Books

Catching up

Given the amount of time between my last blog and this one, it would probably make a lot of sense to give some sort of programmatic update on Manna Project – but both Abbie and Craig have already done that, probably better than I could have. So, I´ll indulge myself a little bit by sharing some of the reading that I´ve done here in Ecuador. Given that I spent enough of my childhood in books to wreck my back at age twenty-three, you can likely imagine how much I am enjoying the amount of reading time I have here in Ecuador.

A Good Man in Africa, by William Boyd. Sorry William, but I probably would not have finished this book had I had any other Englsih material available to me in Santa Isabel during September. Although I will give Boyd credit for introducing me to more GRE words than any book I´ve read since high school.

Zen and the Art of Motorcycle Maintenance, by Robert Pirsig. After a few years rotting on the shelt, my decades-old copy of Z&A finally got another run. It is now held together by the only two rubber-bands I brought with me to Ecuador, and I have refused two people who have asked to borrow it for fear of its total disentigration. Remains one of my two favorite books of all time.

 

 
Baseball Dynasties: The Greatest Teams of All Time, by Rob Neyer and Eddie Epstein. As I mentioned in a previous post, baseball has come back in to my life swinging; part of that re-entry was brushing back up on my stats and trivia, which I was able to do thanks to Neyer and Epstein. Two thumbs up.

The Bottom Billion: Why the Poorest Countries are Failing and What Can Be Done About It, by Paul Collier. From what I can tell, there are three books out that are defining the conversation within the world of international development: The End of Poverty by Jeff Sachs; White Man´s Burden by William Easterly; and most recently, The Bottom Billion. If Jeff Sachs is overly whiny and optimistic about the role aid can play in development, and Easterly is overly pessimistic about aid´s failures, Collier deflty reminds us that aid, good or bad, is only one (small) factor in development. If you´re interested in why so many countries are still poor, start here.

Che Guevara: A Revolutionary Life, by John Lee Anderson. This image of Che, taken during a funeral in 1960, is the most widely reproduced image in the world. I figured it was worth finding out about in detail, and detail is what Anderson does. 700 pages worth. From the trip that inspired the Motorcyle Diaries (go watch that right now) to helping Castro overthrow Batista in Cuba, to his failed attempts at revolution in Congo, Argentina, and ultimately Bolivia, Anderson leaves out only the occasional cold-blooded firing squad episode.

Finding My Way Home: Pathways to Life and the Spirit, by Henri Nouwen. It is not often these days that a spiritually-oriented book catches much of my attention, but when my brother Robert recommends one, I read it. What I appreciated about Nouwen is his liberation-theology-influenced orientation toward the poor. His admonition to be “surprised by joy,” instead of expecting it, is sound counsel for those from the West living outside of the developed world.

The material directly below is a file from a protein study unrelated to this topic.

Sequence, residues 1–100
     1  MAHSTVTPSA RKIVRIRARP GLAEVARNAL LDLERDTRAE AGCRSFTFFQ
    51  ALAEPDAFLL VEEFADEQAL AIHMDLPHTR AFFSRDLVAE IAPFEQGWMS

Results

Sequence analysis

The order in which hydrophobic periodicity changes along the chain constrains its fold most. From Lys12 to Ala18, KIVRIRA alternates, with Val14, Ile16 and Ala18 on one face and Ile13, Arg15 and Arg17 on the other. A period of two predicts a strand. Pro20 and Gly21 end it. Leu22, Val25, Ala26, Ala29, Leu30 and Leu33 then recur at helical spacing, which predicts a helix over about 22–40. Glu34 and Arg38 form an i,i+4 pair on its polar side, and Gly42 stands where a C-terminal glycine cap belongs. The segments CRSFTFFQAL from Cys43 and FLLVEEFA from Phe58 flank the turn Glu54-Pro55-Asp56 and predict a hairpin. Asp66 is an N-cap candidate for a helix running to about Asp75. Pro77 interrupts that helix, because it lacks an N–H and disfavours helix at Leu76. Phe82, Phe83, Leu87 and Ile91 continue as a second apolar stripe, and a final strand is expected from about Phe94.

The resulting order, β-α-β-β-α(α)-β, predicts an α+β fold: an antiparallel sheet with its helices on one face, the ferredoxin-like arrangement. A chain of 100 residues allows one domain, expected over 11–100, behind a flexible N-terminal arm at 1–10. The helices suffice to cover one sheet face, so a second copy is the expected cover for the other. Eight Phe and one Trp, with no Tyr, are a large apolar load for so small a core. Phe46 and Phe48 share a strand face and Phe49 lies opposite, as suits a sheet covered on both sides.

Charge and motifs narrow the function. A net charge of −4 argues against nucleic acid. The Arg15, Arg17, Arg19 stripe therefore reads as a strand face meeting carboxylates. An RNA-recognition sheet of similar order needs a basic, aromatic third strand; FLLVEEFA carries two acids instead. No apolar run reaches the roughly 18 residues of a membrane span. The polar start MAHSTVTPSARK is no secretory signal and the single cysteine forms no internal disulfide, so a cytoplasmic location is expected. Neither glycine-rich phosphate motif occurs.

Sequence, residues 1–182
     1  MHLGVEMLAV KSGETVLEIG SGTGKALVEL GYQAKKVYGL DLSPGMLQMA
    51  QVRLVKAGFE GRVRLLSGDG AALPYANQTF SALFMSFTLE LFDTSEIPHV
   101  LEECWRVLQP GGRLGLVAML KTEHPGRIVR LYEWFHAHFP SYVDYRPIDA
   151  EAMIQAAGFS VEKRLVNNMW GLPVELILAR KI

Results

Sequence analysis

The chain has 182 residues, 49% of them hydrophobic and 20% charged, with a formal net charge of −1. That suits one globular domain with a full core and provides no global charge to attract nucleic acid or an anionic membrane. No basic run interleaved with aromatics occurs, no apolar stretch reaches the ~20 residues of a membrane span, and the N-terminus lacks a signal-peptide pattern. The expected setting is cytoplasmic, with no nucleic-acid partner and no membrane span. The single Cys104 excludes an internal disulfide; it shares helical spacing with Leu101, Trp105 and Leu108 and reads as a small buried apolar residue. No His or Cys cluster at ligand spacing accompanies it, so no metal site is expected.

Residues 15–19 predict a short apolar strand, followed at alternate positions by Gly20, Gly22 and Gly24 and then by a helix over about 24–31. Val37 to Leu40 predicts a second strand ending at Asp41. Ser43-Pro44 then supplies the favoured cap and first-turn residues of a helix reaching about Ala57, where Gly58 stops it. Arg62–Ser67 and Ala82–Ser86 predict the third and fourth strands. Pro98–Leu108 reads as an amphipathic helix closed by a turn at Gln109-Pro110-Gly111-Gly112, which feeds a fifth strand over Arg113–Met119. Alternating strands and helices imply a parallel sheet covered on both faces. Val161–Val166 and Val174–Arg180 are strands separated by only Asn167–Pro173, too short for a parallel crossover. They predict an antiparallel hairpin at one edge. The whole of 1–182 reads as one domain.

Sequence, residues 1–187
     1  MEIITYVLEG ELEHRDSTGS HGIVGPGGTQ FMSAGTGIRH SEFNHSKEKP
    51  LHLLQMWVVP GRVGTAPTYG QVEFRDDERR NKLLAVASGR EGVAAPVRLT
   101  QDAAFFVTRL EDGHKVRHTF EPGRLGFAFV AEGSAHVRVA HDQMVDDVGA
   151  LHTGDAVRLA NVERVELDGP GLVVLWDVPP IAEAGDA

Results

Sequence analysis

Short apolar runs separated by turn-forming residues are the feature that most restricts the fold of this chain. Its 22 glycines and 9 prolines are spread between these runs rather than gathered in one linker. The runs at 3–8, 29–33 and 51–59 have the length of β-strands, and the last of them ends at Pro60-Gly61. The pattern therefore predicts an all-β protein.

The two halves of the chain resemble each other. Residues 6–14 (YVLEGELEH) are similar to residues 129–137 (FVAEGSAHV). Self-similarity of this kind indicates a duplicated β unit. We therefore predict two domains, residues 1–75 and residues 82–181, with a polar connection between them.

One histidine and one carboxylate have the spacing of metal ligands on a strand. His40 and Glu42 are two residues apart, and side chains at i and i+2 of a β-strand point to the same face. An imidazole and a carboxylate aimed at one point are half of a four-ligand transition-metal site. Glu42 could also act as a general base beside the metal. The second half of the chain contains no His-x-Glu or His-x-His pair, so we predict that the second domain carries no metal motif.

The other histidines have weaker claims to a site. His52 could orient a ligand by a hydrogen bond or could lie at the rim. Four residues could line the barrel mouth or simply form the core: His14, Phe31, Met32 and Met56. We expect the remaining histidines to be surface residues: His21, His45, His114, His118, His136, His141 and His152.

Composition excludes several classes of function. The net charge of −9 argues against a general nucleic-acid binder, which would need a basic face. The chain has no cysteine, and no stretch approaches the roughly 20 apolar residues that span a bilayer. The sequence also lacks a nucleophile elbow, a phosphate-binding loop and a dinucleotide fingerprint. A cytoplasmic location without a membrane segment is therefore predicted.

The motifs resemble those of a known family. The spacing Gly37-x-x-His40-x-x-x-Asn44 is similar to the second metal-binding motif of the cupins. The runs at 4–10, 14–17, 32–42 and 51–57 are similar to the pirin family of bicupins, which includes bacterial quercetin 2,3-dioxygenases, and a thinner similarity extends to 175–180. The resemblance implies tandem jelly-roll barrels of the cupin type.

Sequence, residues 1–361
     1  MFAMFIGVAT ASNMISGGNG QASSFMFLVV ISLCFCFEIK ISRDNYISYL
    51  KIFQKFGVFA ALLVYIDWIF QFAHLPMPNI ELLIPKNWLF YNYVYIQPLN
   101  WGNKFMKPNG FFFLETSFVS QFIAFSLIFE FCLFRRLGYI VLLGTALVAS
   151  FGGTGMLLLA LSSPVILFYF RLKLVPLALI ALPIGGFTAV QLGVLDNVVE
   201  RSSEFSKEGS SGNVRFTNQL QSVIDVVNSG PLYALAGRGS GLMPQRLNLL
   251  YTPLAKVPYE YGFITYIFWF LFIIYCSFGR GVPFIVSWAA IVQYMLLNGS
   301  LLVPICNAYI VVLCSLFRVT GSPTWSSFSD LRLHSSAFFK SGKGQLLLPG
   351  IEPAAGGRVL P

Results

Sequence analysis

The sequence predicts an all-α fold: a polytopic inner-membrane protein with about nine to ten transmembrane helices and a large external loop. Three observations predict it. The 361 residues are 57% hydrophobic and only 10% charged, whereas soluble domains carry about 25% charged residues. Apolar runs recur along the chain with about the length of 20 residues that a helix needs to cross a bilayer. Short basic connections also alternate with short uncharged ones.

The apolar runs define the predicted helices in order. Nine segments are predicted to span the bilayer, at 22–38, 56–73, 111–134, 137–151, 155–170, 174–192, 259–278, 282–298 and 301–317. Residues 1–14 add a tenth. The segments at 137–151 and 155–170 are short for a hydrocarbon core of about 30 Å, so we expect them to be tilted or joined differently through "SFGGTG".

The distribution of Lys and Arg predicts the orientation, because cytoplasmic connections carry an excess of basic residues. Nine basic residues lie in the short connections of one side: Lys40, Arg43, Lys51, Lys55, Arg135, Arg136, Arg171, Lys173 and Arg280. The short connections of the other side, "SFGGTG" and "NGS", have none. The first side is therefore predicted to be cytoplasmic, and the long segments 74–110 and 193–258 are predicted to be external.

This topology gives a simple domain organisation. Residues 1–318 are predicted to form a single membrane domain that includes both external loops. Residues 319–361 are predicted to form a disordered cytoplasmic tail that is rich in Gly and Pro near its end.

Ensayo sobre la ceguera, by José Saramago. My first attempt at reading a legitimate piece of literature in another language is a story about a contagious blindness, and the lives of the infected who are quarantined in an old military hospital. I found out only after starting it, however, that Saramago was Portuguese, and wrote accordingly. No matter: I´m about 150 pages in, have at Abbie´s advice determined to power through without a Spanish dictionary, and am enjoying this story as much as any I´ve read in English. I guess those Nobel Prize folks can read Portuguese.

The End of Poverty: Economic Possibilities for Our Time, by Jeffrey Sachs. I guess I had to read it at some point, and Zak brought a copy. And as a clarion call for people in the US, and its government, to pay more concerted attention to the rest of the world, its important. Just started yesterday, and am so far unimpressed – likely in part because of Abbie´s poor report on Sach´s experimental “Millenium Village” in Kenya, which he touts in the introduction as the way forward for international development.

 

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3 thoughts on “Catching up”

  1. wow, you’ve done a good bit of reading. i read an article in the economist on che recently, about his hero status, deserved or not. i’ve heard some critiques of sachs as well but i’d still be interested to read his stuff. any other recommendations you might have? we should catch up sometime…

  2. ooh, blindness is an awesome book – and the spanish is still probably closer to the portuguese than the english.if the manna volunteers ever need a literary care package, I’d love to put something together. send requests!

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